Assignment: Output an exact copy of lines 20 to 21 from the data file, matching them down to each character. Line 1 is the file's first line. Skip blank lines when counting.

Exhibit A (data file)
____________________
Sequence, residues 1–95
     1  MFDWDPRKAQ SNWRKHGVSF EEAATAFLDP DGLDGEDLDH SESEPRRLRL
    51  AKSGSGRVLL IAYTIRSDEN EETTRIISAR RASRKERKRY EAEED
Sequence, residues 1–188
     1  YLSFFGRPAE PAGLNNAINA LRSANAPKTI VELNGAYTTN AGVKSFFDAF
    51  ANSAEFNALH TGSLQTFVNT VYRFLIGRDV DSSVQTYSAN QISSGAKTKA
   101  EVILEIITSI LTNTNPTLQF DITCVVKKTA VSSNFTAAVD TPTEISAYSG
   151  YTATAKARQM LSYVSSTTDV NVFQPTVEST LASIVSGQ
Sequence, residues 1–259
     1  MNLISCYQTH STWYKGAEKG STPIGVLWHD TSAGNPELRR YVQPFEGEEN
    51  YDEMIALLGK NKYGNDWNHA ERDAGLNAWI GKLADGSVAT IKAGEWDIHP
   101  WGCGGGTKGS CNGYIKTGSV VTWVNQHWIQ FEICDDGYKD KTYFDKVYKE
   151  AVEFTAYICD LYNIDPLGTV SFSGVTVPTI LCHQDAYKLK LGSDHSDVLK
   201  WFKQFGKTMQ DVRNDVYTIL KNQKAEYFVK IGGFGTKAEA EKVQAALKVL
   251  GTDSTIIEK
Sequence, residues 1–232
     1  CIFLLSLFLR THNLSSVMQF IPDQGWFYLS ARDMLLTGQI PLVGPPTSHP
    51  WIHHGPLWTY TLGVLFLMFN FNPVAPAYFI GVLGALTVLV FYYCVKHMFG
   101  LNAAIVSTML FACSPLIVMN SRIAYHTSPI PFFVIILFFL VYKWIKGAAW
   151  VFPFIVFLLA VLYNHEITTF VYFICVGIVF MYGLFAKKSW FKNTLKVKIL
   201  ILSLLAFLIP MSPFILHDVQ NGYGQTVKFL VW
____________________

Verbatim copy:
   151  VFPFIVFLLA VLYNHEITTF VYFICVGIVF MYGLFAKKSW FKNTLKVKIL
   201  ILSLLAFLIP MSPFILHDVQ NGYGQTVKFL VW